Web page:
I am working on a mobile version of the new website for my company, if users visit my website on a mobile device/tablet, they will be asked whether the visitor wants to go to the mobile version or the normal version.

But on the normal version I have login functionality, so users can visit their data and so on. Should I "translate" that functionality to mobile as well? Do visitors login a lot on mobile devices, or is it a waste of time?

  • Let me put this back to you - Why wouldn't you include log in functionality? – JonW Feb 5 '14 at 11:00
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    Because inputting is more difficult in mobile devices, so you could consider other ways of performing authentication, or not doing it at all. I own a phone and I don't share it with anyone, this by itself is a token that can uniquely identify me. Of course if you provide information that should only be accessible to authenticated users, you need to perform some kind of authentication. – jff Feb 5 '14 at 11:04

The simple answer would be "yes, do it". But I think this is not an easy choice to make if you're asking that here.

So I think it depends a lot of the kind of service you are providing. For example, the facebook's app would be useless without login feature while I don't really mind if I can't connect to my smashing magazine account on mobile.

You should take a look at the website's stats. What are the most visited pages ? Without login in, are the users going to miss the main features ?

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The beauty about native mobile apps is the security that comes with it. An user, after downloading the app, will only have to log in once. It's safe to presume every time a person uses that app from that device it's the owner of the device.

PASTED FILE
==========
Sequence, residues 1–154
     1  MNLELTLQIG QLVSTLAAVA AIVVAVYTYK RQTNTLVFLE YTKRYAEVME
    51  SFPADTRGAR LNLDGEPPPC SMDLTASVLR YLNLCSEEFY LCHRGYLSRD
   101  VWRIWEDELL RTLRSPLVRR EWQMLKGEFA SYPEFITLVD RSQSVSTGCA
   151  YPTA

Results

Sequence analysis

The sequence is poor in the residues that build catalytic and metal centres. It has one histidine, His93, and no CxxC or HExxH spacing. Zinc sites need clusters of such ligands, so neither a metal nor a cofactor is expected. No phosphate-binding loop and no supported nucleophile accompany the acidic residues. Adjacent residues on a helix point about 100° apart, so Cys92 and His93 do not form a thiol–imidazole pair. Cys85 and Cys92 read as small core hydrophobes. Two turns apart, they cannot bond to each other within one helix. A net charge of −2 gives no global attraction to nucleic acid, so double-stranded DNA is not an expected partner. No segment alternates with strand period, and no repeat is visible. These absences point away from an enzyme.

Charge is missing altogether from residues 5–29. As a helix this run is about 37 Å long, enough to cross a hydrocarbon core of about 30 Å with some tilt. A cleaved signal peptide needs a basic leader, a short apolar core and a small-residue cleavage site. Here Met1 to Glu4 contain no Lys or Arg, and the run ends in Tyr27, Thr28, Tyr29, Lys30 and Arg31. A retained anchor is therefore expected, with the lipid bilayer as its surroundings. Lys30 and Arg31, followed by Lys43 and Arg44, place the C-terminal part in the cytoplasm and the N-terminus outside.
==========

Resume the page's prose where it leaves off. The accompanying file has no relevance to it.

Web apps (mobile versions of a website) can have the same security to some extend. You can store their information on the device (html storage) so they log in automatically when reaching your site.

You can assume people will want the same functionality on the mobile website, so they also want to 'visit their data and so on'. So a log in is required. But maybe, by storing their information, you can save time and irritation.

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  • Really? Safe to assume? I would say that depends very much upon the kind of data. There is a reason why people have unlock codes/gestures/passwords: not every one manipulating a phone actually is its owner. I would not trust any app that assumes and doesn't ask whether I want to stay logged in. And the reason may not even be the data I put in it, but the data the app gathers. Facebook? Twitter? Never! It would get to track way too much about me. – Marjan Venema Feb 5 '14 at 13:37

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